Frank was attracted to this jenny from the start and over their years together, it deepened into an abiding love. She was gentle with long ears and sad eyes. painfully thin but also strong. There is a reason they call a powerful woman or man “strong as a mule.”

Said Frank to the jenny one day. “Well, It’s time you had a name. I like the name ‘Hannah.’ Do you like it?” Hannah pressed her muzzle against Frank’s chest and rubbed her velvet lips up and down against his jacket as if to nod yes. “O.K., ‘Hannah’ it is then.”

Half way through each shift, he would sit on the loading dock and eat the lunch his mother had packed him. She often packed an apple or pear into the lard bucket along with the sandwich made from her delectable home made bread. Hannah strained herself around and reached out with her muzzle, showing her teeth, begging for the apple.

“So you’re hungry, are you?” Frank pulled out his pocket knife and cut the apple in two. Hannah crunched and munched the apple greedily.

From then on Frank filled half his lunch bucket with apples, pears, carrots, and other fruits and vegetables.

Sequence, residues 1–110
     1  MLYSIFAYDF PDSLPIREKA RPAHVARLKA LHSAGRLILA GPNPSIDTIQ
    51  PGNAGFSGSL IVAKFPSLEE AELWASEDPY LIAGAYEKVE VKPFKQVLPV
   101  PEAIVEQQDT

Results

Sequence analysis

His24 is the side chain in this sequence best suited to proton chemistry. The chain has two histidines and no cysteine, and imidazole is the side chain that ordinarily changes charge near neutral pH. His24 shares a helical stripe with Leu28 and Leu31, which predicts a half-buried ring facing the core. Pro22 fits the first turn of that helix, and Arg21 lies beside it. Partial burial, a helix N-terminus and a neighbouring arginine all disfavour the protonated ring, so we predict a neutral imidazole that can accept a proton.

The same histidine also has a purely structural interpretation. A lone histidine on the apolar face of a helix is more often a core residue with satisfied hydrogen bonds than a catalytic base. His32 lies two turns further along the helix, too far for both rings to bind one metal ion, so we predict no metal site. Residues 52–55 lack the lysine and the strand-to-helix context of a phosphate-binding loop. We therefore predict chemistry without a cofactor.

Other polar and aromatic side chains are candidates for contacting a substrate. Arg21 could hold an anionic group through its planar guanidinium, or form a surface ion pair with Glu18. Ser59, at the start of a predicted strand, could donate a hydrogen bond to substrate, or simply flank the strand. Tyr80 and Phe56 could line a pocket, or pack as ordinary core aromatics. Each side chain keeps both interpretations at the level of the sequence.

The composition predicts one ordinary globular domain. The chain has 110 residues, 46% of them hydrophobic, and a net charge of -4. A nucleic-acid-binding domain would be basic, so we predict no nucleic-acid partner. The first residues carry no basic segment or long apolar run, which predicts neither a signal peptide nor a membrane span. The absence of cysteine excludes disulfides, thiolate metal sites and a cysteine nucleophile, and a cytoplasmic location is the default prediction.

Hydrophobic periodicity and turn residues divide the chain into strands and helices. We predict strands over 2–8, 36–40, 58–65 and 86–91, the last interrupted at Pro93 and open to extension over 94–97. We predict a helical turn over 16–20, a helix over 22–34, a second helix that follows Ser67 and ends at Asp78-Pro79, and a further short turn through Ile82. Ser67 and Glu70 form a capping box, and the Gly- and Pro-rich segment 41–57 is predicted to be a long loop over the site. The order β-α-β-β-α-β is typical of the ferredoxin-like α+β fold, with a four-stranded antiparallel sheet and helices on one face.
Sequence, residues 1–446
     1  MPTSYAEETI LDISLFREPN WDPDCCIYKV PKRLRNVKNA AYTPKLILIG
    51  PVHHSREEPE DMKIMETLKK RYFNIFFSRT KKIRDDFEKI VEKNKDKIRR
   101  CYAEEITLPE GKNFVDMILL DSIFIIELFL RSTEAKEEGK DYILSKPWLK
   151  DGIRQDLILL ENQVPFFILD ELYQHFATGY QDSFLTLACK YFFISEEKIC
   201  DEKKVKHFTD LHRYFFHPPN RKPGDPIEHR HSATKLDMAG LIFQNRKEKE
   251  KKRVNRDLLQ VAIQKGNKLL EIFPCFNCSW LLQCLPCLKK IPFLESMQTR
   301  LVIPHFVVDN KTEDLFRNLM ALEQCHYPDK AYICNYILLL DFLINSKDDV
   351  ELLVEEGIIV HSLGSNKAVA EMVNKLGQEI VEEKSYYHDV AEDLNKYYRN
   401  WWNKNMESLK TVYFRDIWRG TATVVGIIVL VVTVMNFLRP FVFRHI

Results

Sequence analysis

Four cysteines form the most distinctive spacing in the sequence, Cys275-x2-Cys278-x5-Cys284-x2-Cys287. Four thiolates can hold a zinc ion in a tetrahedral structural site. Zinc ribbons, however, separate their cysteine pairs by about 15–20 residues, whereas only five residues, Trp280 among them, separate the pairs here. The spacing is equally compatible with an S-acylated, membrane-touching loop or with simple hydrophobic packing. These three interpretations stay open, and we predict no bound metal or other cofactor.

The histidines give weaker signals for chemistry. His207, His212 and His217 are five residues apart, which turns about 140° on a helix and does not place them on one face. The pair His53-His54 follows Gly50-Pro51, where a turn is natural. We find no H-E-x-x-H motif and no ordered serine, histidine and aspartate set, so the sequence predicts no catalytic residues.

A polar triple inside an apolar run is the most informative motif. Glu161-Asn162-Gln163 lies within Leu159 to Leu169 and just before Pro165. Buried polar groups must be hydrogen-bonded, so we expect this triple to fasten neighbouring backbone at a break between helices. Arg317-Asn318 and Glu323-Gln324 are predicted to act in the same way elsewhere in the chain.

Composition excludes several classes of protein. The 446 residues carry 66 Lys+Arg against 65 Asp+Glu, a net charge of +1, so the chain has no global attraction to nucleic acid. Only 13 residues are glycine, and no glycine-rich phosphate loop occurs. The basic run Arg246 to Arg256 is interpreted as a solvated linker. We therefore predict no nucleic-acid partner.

“Hannah, you are my best friend,” Frank told her. And it was true. His assignment in the mine did not put him in close contact with the other miners. Hannah was his closest companion and Frank felt an almost human bond to the mule.

One morning Frank arrived at the stable to harness Hannah. Her stall was empty and she was not in the corral. Where the devil is she?

He hastily donned his work clothes, put on his helmet, turned on the lamp as he hastened down the slope into the mine. He was out of breath when he neared the coal loading dock a half mile into the mine. There standing in the darkness was Hannah.

“They want her to work a double shift,” said the muleskinner that Frank was replacing. “They are cruel bastards.” He left without saying goodbye.

Frank rushed up to Hannah and put his arms around her neck. She was trembling with weariness and she was lathered with sweat.